Point by Bess Donoghue
For film aficionados, the time has arrived when the previous year of cinema is celebrated with award show after award show. Out of the many awards, the Oscars seem to garner the most attention, often generating many questions. What is it about the Academy Awards that make them so prestigious? Additionally, what is the value or even importance of such a show? Do the awards truly commemorate the previous year in film?
Unlike awards given out at the Golden Globes (chosen by the Hollywood Foreign Press) or the Critic’s Choice Movie Awards (selected by premiere national film critics), the Oscar recipients are determined by the Academy of Motion Picture Arts and Sciences, which consists of 6,000 members directly involved in the production of film.
Members of the Academy vote for categories in their field of expertise—actors for actors, costume designers for costume designers—and all members vote for Best Picture. Instead of the media or critics honoring films, the most renowned filmmakers from all sectors of production can honor the year in film. The recipients of an Academy Award understand their work is well-received by the best of their field, and that type of recognition cannot be underestimated.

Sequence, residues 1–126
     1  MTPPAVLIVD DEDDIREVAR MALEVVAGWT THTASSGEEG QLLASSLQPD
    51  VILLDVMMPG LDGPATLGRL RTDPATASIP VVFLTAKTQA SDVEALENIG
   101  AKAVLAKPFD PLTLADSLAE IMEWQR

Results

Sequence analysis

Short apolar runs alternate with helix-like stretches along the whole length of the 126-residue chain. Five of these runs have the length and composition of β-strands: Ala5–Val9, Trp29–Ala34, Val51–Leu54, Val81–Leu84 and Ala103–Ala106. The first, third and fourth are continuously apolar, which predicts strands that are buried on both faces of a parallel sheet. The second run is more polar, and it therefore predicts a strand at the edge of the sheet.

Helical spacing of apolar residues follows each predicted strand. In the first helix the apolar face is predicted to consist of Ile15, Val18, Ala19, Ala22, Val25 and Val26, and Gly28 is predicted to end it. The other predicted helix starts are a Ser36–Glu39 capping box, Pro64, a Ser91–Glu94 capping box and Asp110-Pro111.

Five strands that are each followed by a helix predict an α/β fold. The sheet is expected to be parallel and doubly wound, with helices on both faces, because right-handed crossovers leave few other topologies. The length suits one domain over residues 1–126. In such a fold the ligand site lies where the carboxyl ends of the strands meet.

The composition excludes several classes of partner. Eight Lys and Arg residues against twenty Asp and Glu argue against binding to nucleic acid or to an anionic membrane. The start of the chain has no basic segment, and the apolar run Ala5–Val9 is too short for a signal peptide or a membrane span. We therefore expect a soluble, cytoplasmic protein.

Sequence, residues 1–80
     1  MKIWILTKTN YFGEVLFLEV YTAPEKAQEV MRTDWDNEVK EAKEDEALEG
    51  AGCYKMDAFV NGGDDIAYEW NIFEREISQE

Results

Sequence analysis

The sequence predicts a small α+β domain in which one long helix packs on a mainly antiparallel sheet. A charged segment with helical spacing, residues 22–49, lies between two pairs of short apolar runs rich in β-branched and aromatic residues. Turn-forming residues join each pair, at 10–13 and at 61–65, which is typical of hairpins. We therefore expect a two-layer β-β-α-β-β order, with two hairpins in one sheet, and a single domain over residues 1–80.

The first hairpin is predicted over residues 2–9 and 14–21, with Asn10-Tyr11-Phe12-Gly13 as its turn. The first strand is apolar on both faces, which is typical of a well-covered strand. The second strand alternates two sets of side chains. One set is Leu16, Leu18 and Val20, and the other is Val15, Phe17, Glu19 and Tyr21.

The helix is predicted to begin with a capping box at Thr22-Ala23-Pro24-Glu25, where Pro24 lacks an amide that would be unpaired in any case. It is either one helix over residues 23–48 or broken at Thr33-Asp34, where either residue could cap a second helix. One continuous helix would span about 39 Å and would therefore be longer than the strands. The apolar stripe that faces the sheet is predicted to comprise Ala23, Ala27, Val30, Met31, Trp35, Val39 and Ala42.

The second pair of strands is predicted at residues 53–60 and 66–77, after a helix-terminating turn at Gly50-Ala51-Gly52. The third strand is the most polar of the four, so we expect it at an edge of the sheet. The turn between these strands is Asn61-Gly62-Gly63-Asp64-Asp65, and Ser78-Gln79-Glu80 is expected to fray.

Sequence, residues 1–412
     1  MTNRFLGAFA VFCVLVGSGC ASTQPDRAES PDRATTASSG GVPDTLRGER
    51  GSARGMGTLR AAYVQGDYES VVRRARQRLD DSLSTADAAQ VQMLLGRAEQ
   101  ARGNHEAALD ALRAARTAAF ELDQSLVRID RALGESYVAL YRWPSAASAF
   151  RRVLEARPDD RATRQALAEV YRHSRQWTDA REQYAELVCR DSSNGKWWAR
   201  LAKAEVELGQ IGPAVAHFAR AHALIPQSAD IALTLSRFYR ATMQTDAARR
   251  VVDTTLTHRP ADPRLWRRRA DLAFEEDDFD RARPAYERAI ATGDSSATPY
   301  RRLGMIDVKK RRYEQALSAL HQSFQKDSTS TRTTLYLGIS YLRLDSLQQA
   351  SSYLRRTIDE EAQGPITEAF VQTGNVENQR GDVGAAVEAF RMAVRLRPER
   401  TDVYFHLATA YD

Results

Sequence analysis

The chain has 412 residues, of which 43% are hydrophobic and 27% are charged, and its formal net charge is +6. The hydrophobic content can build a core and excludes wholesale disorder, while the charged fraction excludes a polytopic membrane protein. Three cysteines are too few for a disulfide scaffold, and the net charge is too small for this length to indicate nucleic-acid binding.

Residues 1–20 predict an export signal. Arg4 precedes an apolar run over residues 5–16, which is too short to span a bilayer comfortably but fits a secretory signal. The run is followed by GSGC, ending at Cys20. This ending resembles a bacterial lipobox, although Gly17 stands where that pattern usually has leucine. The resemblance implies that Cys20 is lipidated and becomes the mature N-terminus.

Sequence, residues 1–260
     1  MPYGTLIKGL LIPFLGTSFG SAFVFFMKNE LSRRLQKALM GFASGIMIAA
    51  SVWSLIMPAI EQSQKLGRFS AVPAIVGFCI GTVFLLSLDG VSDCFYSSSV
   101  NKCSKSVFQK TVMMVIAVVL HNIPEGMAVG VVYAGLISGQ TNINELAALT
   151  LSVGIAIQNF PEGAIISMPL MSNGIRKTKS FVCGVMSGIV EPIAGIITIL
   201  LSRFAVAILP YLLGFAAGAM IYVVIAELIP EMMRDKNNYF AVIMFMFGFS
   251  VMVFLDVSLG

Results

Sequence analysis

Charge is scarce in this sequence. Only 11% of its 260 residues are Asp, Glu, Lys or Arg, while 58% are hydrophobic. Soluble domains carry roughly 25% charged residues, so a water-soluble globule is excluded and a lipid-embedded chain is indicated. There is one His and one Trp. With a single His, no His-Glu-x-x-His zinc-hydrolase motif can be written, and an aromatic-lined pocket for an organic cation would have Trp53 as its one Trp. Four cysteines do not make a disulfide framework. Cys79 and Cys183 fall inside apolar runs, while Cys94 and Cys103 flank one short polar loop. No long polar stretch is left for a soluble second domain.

In the last couple of years, there has been greater awareness in the films recognized with Oscars. No longer does the Academy strictly honor Hollywood films. In the last five years, three independent films have won Best Picture, including “Slumdog Millionaire,” “The King’s Speech” and “The Artist.” One of this year’s most charming and celebrated films, “Silver Linings Playbook,” is also making a name for itself.
For some of these indie movies, they might not receive much recognition if it were not for the award season. These films with low budgets can grow in popularity as their titles are spread by word of mouth and eventually garner award nominations. These films face a competitor where other mainstream Hollywood films have a complete advantage: box office success.
If this past year of film was awarded in terms of box office success, the top five films of 2012 would have consisted of the “Twilight Saga,” “Skyfall,” “The Hunger Games,” “The Dark Knight Rises” and, box office number one, Marvel’s “The Avengers.”
While I’m a fan of most of these films, there is more to this past year of cinema than superheroes, 007 and vampires (sorry, Bella). Although these films are not recognized by the Academy Awards, these films speak for themselves with their success at the box office. Films from this past year without this type of popularity, including “Lincoln,” “Life of Pi” or “Argo,” have quality that deserve recognition. The Academy Awards looks beyond the box office and seeks to honor the films that are not only entertaining, but also aesthetically pleasing, well-written and — even more importantly — innovative.